Shop Review: Carlisle Creative Vibes

Sarah Manderbach '22, Opinion Editor

Carlisle Creative Vibes is a new shop to the small town of Carlisle, with unique offerings that are hard to find in a town in rural Pennsylvania.

The shop opened up on February 4, the same weekend as the Ice Fest. According to their website, Carlisle Creative Vibes is home to 30 different artists and creators, each with their own little spot within the store. The items range from holistic to retro, handmade, and even upcycled goods. 

I fell in love with the venue the moment I walked in the door. It’s relatively open, and filled to the brim with fun items and goods. If you are a practicing pagan or looking to expand upon your horizon, this shop has access to crystals, incense, and even tarot cards. The rest of the venues span back to side rooms, and even a snack bar for patrons to peruse. They have everything from candles and stickers and handmade decorative terrariums. It was almost overwhelming but it’s really nice to see a small business supporting other small businesses. 

The staff was also extremely kind and helpful. They were quick to greet me and my friends when we walked in and were there to help out whenever we had any questions. They even have a dog, which is always welcoming to fresh pets.

There are a few things, however, that I was very unsure about. First, it’s the unfortunate case of cultural appropriation. 

White sage, according to La Nirvana Organics, was originally used by Indigenous cultures in early America for ceremonial or ritualistic purposes to remove unwanted and persisting energies as well as smudging. Ever since being used in pagan rituals and smudging, there have been a lot of discussions about how harvesting white sage can destroy ecosystems while also not giving due to Indigenous cultures from which it spawned.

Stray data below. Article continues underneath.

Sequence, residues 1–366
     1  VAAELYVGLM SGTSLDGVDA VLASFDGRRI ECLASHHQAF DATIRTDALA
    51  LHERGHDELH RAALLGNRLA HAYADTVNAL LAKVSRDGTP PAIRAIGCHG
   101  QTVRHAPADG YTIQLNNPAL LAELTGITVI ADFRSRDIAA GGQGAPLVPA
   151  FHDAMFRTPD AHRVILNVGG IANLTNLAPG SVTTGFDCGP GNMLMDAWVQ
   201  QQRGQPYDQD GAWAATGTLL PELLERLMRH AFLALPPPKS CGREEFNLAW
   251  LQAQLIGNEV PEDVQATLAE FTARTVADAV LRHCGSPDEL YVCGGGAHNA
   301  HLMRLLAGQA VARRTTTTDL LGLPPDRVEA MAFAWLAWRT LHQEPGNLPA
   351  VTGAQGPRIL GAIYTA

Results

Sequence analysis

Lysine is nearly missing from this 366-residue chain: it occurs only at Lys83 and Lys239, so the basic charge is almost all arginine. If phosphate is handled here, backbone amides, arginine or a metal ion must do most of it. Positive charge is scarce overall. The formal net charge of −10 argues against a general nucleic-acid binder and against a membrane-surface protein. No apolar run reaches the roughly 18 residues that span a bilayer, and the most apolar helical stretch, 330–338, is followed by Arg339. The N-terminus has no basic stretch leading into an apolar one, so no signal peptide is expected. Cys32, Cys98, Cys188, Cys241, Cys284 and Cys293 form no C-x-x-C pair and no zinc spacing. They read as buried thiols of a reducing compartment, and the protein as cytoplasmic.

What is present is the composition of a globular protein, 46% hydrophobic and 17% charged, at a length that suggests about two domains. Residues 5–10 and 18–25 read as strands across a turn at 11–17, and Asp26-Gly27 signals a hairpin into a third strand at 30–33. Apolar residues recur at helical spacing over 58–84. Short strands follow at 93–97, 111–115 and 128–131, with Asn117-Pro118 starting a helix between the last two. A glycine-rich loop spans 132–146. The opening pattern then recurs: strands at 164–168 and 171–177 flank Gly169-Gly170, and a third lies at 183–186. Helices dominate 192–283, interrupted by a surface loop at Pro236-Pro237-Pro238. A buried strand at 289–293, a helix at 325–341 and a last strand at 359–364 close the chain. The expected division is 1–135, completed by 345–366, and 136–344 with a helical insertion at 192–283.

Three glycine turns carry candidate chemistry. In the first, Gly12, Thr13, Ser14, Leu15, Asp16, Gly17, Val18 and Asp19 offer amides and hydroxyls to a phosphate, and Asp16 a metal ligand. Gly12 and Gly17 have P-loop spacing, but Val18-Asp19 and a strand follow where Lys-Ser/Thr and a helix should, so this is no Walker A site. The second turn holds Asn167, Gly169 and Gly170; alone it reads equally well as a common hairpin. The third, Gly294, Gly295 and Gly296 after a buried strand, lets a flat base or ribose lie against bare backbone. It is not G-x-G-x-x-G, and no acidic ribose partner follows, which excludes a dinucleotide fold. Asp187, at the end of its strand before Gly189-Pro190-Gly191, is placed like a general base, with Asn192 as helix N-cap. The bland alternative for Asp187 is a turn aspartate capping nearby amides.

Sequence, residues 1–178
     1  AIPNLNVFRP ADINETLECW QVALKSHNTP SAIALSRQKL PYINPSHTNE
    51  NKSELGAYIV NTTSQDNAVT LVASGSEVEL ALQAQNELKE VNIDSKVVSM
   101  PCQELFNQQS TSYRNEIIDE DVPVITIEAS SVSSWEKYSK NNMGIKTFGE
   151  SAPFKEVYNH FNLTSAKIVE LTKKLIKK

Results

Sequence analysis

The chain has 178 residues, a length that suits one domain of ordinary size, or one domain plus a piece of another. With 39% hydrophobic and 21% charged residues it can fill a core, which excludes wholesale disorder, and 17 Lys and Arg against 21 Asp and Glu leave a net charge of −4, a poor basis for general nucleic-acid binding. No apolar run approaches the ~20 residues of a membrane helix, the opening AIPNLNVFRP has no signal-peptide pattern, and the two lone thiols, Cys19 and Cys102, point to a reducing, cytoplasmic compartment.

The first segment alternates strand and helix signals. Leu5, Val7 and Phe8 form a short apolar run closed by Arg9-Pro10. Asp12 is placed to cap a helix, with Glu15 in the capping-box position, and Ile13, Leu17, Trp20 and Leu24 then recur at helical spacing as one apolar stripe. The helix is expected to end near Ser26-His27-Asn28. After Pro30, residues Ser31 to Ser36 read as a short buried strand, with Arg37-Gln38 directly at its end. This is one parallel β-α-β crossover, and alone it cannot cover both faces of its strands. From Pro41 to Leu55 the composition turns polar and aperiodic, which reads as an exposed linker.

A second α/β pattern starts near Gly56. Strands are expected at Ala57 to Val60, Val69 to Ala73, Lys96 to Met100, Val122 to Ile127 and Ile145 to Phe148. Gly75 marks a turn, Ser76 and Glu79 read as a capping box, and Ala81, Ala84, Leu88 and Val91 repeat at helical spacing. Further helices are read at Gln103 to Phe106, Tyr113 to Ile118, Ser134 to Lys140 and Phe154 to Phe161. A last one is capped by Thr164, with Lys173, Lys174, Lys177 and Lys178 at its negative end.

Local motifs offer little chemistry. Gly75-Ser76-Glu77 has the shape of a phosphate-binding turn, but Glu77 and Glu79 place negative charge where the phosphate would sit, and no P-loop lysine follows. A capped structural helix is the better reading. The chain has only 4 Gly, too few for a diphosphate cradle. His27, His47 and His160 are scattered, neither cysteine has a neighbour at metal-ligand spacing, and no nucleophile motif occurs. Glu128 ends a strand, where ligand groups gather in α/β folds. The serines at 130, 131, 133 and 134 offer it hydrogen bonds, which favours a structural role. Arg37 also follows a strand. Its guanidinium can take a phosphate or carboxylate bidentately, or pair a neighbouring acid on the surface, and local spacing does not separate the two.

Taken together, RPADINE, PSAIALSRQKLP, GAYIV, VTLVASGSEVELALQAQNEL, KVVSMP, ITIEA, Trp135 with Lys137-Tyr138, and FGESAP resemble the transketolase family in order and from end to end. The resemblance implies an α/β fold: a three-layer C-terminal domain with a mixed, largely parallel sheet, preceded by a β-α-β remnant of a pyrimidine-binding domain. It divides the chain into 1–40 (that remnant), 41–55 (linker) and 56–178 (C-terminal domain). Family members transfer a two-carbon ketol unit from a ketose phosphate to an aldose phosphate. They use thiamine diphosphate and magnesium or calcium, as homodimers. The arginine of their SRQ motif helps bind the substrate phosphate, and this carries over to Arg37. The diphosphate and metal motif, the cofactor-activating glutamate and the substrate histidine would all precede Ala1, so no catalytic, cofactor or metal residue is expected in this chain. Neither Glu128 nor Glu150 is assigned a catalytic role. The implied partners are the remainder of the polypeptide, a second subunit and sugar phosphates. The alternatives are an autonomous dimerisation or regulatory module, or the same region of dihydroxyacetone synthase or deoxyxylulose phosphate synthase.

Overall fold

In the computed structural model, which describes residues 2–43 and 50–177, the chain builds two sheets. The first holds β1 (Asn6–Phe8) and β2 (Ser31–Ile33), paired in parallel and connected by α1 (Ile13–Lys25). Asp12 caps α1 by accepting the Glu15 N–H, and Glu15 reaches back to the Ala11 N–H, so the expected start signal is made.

Unfortunately, white sage is included in this store, as well as shrunken heads and human bones. I highly recommend looking up the associations with these objects and how exactly they can be identified as cultural appropriation.

Furthermore, a friend of mine was able to give me a small lesson about identifying if crystals are fake or not while inside the store. We did a small test on clear quartz while there, such as testing for bubbles or magnification properties. I’m not entirely sure if all of the other crystals in the shop are legit, but I highly recommend again to do your research before partaking in the purchase of crystals and other spiritualistic goods. 

Despite these things, I do think that there is great potential for Carlisle Creative Vibes to grow and develop over their time here and I look forward to seeing where they grow next.